Q: I have a self-managed super fund (SMSF) and I also have two investment properties in my personal name. When I sell the properties, I will be required to pay capital gains tax. Can this capital gains tax be offset by a contribution to the SMSF which would be tax-deductible? Would there be a 15% contributions tax? I am 60 years of age, but not retired.
Reducing the amount of income tax payable, including income tax payable on net capital gains, by making concessional (tax-deductible or salary sacrificed) super contributions remains a popular strategy.
Note that concessional contributions will be subject to 15 per cent tax when entering the fund (and 30% contributions tax if the individual has an adjusted taxable income of more than $300,000).
For the 2015/2016 year, the annual limit for concessional contributions is $35,000 for anyone aged 50 (that is 49 years or over on 30 June 2015). The concessional contributions cap is $30,000 (for the 2015/2016 year) for anyone under 50 years of age (that is 48 years or younger on 30 June 2015).
For the 2016/2017 year, the annual limit for concessional contributions is $35,000 for anyone aged 50 (that is 49 years or over on 30 June 2016). The concessional contributions cap is $30,000 (for the 2016/2017 year) for anyone under 50 years of age (that is 48 years or younger on 30 June 2016).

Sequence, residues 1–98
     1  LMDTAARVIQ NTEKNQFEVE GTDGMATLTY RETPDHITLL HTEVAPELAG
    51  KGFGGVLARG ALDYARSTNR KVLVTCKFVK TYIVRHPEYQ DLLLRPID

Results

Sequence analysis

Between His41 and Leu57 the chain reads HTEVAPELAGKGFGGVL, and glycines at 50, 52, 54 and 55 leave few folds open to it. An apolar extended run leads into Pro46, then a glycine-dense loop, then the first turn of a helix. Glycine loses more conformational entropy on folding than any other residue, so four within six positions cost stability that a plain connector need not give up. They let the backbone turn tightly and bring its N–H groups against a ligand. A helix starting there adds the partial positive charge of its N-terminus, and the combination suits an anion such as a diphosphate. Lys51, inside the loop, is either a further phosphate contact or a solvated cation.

Note: A self-employed or non-employed individual can only claim deductions for super contributions against assessable income, such as salary, investment income and capital gains. For employees, entering a salary sacrifice arrangement (making before-tax contributions to a super fund pursuant to an arrangement with an employer) is another popular strategy used to reduce an individual’s taxable income. Superannuation Guarantee contributions are treated as concessional contributions, and count towards the annual concessional contributions cap.
For more information on making concessional contributions, including tax-deductible super contributions, see the following SuperGuide articles: